I blogged about “alpha male” myths back in 2012, and was reminded of it by this NYT article The alpha dog that wouldn’t hunt: How Trump’s ludicrous “alpha male” act is destroying him. The major portion of Matthew Rozsa’s article focuses on specifics regarding Trump’s history of valorising so-called hyper-masculine traits (a cluster of antisocial dominance displays whose major feature in common is repudiation of any trait regarded as potentially, no matter how tangentially, feminised (which is why it’s become “alpha” to despise education now that women have proven themselves as academic high-achievers)); the quote below aligns with what I wrote about alpha myths back in 2012.
It’s helpful to start by recognizing that the scientific literature that popularized the term “alpha male” is outdated. “The concept of the alpha wolf is well ingrained in the popular wolf literature at least partly because of my book ‘The Wolf: Ecology and Behavior of an Endangered Species,’” explains L. David Mech, one of the scientists whose aforementioned text helped bring the alpha-male concept into conventional use. After pointing out that the last 40 years have revolutionized scientific understanding of wolf social hierarchies, he goes on to write that “one of the outdated pieces of information is the concept of the alpha wolf. ‘Alpha’ implies competing with others and becoming top dog by winning a contest or battle. However, most wolves who lead packs achieved their position simply by mating and producing pups, which then became their pack.”
Of course, even if the lupine origins of the alpha-male trope weren’t obsolete, the notion that the term can even apply to human social structures is inherently absurd. As many scientists have noted, human beings generally inhabit a number of social circles rather than simply one, and each of these subgroups contain complex and varied hierarchies (assuming that they’re hierarchical at all instead of egalitarian). Individuals who may be the top dog in one circle could be quiet and unassuming in another, or even the so-called “beta male.” Just as important, the traits commonly associated with alpha malehood — violence, self-absorption, controlling behavior — have not been found to correlate strongly with professional and sexual success. In fact, researchers have found that assertiveness, confidence and pro-social behaviors (like sensitivity and the capacity to learn from one’s mistakes) are most likely to yield results for people of both genders who wish to lead accomplished lives.
There’s a loud contingent of pro-authoritarians who see braggart bullies like Trump as impressive and laudable role models rather than as gold-plated PITAs or potential despotic threats, and for those of us who know our history the rise of charismatic authoritarians in electoral contests throughout the Western world is becoming more and more alarming. Rozsa links to an article which summarises Thucydides’ account of the disastrously effective hyper-masculine rhetoric of the conspicuously wealthy aristocrat Alcibiades in classical Athens* and compares it directly to what we are hearing from Trump. There are many other articles I’ve read over the last few months comparing Trump to more recent demagogues; I foolishly failed to bookmark them all but I invite readers to share such links in the comments.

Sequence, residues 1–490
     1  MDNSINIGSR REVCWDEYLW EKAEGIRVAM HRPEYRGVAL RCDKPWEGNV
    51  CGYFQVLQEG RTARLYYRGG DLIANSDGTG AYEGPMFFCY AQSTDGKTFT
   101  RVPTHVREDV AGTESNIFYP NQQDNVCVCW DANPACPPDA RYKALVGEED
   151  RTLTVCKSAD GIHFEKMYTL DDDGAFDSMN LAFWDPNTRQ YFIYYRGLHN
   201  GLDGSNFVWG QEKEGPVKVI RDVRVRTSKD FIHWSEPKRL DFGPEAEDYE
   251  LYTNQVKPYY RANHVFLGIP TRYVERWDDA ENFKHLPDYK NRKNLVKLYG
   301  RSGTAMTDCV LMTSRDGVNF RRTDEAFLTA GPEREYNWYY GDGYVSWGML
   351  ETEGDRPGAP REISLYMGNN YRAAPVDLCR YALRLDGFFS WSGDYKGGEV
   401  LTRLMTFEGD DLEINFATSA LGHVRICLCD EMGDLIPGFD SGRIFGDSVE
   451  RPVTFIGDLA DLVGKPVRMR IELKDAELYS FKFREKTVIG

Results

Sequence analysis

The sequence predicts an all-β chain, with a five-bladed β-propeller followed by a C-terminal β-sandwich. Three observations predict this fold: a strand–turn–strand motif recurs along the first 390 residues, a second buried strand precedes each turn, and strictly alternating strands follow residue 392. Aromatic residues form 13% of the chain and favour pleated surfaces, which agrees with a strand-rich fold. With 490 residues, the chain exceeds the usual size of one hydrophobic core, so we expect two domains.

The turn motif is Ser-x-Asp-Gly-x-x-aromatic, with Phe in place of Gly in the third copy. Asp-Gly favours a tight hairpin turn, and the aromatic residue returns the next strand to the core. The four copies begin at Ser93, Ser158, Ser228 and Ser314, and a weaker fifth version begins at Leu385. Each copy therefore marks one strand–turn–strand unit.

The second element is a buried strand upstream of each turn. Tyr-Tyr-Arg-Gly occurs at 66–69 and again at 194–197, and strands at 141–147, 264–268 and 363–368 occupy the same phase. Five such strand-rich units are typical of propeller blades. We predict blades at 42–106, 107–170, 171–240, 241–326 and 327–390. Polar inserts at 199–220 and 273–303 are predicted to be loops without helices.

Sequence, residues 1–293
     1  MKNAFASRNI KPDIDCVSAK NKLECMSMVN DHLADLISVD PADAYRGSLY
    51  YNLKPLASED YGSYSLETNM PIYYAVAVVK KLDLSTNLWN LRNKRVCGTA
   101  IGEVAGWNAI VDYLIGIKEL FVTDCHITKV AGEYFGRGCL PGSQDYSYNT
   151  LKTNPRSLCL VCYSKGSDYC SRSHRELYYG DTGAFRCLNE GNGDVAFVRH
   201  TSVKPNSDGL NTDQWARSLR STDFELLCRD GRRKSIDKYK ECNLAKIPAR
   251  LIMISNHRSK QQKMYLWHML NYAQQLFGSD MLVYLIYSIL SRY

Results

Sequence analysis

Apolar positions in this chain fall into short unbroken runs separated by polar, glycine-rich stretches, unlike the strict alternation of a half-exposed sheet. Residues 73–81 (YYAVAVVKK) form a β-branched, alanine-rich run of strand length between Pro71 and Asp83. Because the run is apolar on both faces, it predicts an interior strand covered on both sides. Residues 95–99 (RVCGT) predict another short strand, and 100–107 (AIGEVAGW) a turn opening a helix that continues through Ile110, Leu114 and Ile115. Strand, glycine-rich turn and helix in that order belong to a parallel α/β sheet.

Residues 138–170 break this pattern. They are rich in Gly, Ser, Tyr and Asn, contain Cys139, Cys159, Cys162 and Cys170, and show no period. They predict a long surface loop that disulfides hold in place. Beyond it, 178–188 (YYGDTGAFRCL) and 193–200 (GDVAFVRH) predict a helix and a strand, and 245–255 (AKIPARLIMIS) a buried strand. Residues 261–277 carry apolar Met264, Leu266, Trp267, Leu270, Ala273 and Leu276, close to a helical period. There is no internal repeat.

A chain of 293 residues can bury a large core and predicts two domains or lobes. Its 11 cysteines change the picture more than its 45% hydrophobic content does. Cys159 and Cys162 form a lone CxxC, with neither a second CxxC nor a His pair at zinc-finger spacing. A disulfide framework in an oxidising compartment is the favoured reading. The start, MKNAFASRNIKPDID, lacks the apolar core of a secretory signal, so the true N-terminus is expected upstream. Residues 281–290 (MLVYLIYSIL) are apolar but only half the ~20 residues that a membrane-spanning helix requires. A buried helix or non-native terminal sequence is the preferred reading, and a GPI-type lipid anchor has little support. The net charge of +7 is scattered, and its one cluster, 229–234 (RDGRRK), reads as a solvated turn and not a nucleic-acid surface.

How then to more effectively gut/neuter the entwined authoritarian and hyper-masculine propaganda which is being used so effectively by demagogues right now? The problem is that the emotional appeal of the authoritarian simple-answers-to-complex-problems rhetoric creates (a) an anti-intellectual inoculation against measured, logical, nuanced, and historically-informed rebuttals; and (b) a casual contempt for any emotional arguments from recent history against the authoritarianism, which are so easily dismissed as either weak/soft/cowardly or unfairly demonising (often devolving into farcical I’m-not-Hitler-you’re-Hitler shoutfests).
Away from the shoutfests, many women are quietly organising their support for anti-authoritarian candidates in spaces where the loud shouty men cannot see or hear them, because they are weary of being interrupted by the loud shouty men who constantly demand debate and then ignore arguments while resorting to abuse. Anti-authoritarian women are reaching out to other anti-authoritarian women and men through private networks where their time is not being wasted by disruptive loudmouths (and I wonder whether those disruptive loudmouths are right to be as confident as they seem to be regarding how their female family members, and younger family members, plan to vote).
Just because the authoritarian loudmouths have an unfair share of the bully-pulpits in the mass media doesn’t mean the rest of us have nowhere to speak and support each other.
* The Athens expedition to Sicily called for by Alcibiades ended in resounding defeat, and he became a famous turncoat who worked against Athens, first for Sparta and then, having alienated the Spartans, for Persia. Alcibiades then instigated a coup-d’etat in Athens where disgruntled aristocrats displaced the democracy with their oligarchy(!) which named him commander-in-chief, after which he led successful Athenian campaigns against his former friends the Spartans and then (of course) against the Persians. These victories Alcibiades then squandered by the distractions of military glory elsewhere, leaving room for the Spartans to recover and win victories against the Athenian navy, so that Alcibiades left Athens in disgrace to eventually end his days in Persia following the Spartan deciding victory in the Peloponnesian war. What is most astounding (and depressing) is that there are still historians whose primary description of Alcibiades is as a brilliant general and statesman rather than as a disastrous demagogue and audaciously unscrupulous opportunist whose self-aggrandising ambitions ultimately led to a fatally undermined Athens.